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interventions or define stimuli that produce a functional outcome.

Therapeutic measures based on information of muscle plasticity

would thus offer considerable socioeconomic potential for

musculoskeletal medicine, but its application in the management

of healthcare is underdeveloped today.

Repair mechanisms after rupture of the anterior

cruciate ligament

As a joint, the knee exerts the important task of translating and

potentialising forces being produced in the upper, large thigh

muscles via the lever arm of the femoro-patellar articulation. This

function is essential to counteract the forces of gravity through the

extension of the knee. On the downside, however, the knee joint is

exposed to particularly high rates of mechanical stress. This may

damage anatomical structures that stabilise the knee joint if the

resulting mechanical strain exceeds the typical safety factor for

musculoskeletal tissues.

This is especially true for the mechanical impact on ligaments that

operate in the lateral direction, such as the anterior cruciate

ligament (ACL) and medial patella-femoral ligament. Their integrity

is challenged by biomechanical vectors that operate in transverse

directions to the main movement of the knee joint. This often

occurs with intense physical activity in sports and during manual

labour and may lead to tendon rupture. This is a relatively frequent

condition affecting one in 1,750 individuals each year. Because it

renders the function of the affected knees unstable, repair of the

damaged soft tissue is strongly indicated. This requires

orthopaedic surgery and subsequent physical procedures to

support the functional recovery of the reattached ligament and

connected muscle as it is weakened due to the prior injury and

enhanced catabolism during unloading. Typically this is initiated

by resistive types of exercise. The dose-effect relationships for

musculoskeletal adaptations with rehabilitation, which define the

therapeutic success of orthopaedic surgery, are not well defined.

Towards this end we pursue an investigation to define the time

course of molecular and cellular adaptations in a major knee

extensor muscle with exercise-based rehabilitation subsequent to

surgical repair of the ruptured ACL. This study is inspired by our

results showing that eccentric types of endurance activity, such as

that seen with downhill sports activities (skiing), represent a

potent intervention to strengthen the musculotendinous structures

that operate on the knee


expect that our study will

provide important information as to the quality and effect size of

the rehabilitation for the deconditioned muscle and knee function.

Focus on rotator cuff disease

The rotator cuff is a complex group of skeletal muscles which

facilitate shoulder function. This involves important actions such as

internal and external rotation as well as the abduction of the arm.

Full or partial tears of rotator cuff tendons are a relatively frequent

condition affecting a considerable portion of the population.

Ageing-associated factors and injury represent the major cases of

the disease. Thereby current numbers indicate that 40% of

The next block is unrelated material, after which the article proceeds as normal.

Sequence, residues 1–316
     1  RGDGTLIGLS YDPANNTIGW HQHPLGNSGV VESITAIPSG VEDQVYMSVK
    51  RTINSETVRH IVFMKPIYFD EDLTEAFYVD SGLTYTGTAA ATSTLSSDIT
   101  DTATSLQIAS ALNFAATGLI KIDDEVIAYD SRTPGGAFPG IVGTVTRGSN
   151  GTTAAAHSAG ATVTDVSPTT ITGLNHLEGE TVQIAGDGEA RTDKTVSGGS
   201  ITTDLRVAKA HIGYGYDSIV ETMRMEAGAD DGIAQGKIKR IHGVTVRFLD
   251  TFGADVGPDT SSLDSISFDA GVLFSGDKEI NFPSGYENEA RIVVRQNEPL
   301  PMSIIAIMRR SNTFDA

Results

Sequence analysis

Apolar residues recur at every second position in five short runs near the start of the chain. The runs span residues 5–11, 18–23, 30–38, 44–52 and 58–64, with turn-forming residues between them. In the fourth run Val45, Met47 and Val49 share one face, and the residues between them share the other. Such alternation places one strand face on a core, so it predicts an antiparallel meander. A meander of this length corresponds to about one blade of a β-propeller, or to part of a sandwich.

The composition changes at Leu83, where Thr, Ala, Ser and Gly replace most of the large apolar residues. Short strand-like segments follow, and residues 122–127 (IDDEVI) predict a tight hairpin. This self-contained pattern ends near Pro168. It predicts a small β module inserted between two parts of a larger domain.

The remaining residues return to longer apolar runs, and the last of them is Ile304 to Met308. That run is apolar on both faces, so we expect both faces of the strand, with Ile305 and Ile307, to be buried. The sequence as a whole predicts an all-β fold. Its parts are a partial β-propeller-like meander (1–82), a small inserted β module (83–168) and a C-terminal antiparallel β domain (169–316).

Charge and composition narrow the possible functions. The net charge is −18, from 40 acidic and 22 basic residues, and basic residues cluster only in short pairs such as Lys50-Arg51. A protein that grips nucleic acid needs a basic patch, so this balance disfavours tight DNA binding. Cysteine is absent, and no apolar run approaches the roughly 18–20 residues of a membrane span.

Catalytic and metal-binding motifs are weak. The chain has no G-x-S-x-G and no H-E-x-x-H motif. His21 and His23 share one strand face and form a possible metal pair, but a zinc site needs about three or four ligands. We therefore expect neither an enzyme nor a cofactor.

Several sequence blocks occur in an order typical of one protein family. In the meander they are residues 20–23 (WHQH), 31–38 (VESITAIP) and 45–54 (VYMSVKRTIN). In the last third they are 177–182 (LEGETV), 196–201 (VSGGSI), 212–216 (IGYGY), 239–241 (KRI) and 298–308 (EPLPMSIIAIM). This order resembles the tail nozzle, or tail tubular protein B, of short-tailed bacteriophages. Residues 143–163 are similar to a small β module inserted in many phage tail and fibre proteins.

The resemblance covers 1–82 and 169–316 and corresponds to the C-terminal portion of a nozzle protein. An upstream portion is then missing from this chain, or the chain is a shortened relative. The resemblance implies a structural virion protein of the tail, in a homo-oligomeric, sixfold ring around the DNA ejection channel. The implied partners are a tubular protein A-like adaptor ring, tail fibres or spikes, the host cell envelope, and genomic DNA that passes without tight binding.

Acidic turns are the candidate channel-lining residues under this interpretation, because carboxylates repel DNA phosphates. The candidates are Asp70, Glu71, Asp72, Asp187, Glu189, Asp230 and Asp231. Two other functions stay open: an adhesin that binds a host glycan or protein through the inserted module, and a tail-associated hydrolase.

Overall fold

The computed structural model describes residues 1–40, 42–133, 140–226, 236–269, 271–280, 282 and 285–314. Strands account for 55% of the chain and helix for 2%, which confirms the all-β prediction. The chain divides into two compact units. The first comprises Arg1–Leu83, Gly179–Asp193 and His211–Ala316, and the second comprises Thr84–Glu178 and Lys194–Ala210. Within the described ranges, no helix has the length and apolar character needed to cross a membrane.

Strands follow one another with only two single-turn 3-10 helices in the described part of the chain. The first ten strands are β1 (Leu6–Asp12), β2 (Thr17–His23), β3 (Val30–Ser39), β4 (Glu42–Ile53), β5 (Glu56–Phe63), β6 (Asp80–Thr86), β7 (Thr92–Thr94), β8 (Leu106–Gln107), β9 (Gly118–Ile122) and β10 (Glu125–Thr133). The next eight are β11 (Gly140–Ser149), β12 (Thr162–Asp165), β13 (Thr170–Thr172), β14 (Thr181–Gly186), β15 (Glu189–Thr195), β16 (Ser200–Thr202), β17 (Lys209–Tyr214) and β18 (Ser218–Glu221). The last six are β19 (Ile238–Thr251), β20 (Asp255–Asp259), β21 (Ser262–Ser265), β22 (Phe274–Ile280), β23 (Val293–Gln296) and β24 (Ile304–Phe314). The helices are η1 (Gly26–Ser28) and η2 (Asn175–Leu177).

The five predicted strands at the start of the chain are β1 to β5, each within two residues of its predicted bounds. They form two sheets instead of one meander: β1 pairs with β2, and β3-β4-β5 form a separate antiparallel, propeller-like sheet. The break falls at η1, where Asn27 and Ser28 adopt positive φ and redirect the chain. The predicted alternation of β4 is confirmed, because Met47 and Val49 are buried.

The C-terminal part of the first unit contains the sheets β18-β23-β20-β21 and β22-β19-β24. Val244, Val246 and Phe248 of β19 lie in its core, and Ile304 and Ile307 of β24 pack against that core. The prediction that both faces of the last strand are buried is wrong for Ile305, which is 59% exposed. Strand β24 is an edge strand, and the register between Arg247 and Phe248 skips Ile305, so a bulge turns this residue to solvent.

subjects above 60 years of age demonstrate tears of the rotator

cuff. This severely complicates daily activities as it renders the

accentuation of the upper extremity in one or more direction hard

to impossible. If left untreated, shoulder function is permanently

affected because the detached muscle degenerates by shrinkage

of muscle cells and their conversion into fat tissue. Eventually this

limits kinematics of respective joints, which has the ultimate

consequence in the degeneration of the glenohumeral joint. At

this point no other option remains than to surgically replace the

joint with an expensive endoprosthesis to reinstate limb function.

Surgical interventions aimed at repairing the affected shoulder

muscle involve the reattachment of the ruptured tendon to the

bone via an anchor. Thereby the prevention of adipogenic and

atrophic processes in the detached muscle is a priority to warrant

optimal surgical repair of the ruptured muscle-tendon unit.

Towards improving the therapy of rotator cuff disease, we

investigate the time course of molecular and cellular alterations

in animal models of the ruptured rotator cuff. The aim is to map

the mechano-regulated pathobiological process and risk factors

of muscle degeneration, which contributes to the healing of

muscle-tendon complex. Specific emphasis is put on testing the

effectiveness of pharmacological compounds targeting the

degradation of structural anchors of the contractile apparatus in

muscle fibres.

The knowledge is integrated in a clinical trial in which we

characterise morphological and genetic biomarkers of the healing

response of rotator cuff muscle after surgical repair of the

detached tendon. This is motivated by the reported contribution of

heritable factors to the healing of the reattached rotator cuff. The

aim is to reintegrate the gathered knowledge into personalised

surgical approaches and therapies that more efficiently prevent

detractions in shoulder muscle function in critical responder

groups (Fig. 2).

Professor Martin Flück, PhD

Laboratory for Muscle Plasticity

University Hospital Balgrist

tel :

+41 (0) 44 386 3791 Education/Orthopaedics/Muskelplastizitaet.aspx

H O R I Z O N 2 0 2 0 P R O J E C T S : P O R TA L




S O C I E TA L C H A L L E N G E S : H E A L T H & W E L L B E I N G

Fig. 2 Research approach scheme of the conceptual path of the

research strategy of our integrated studies towards improved

treatment of the orthopaedic patient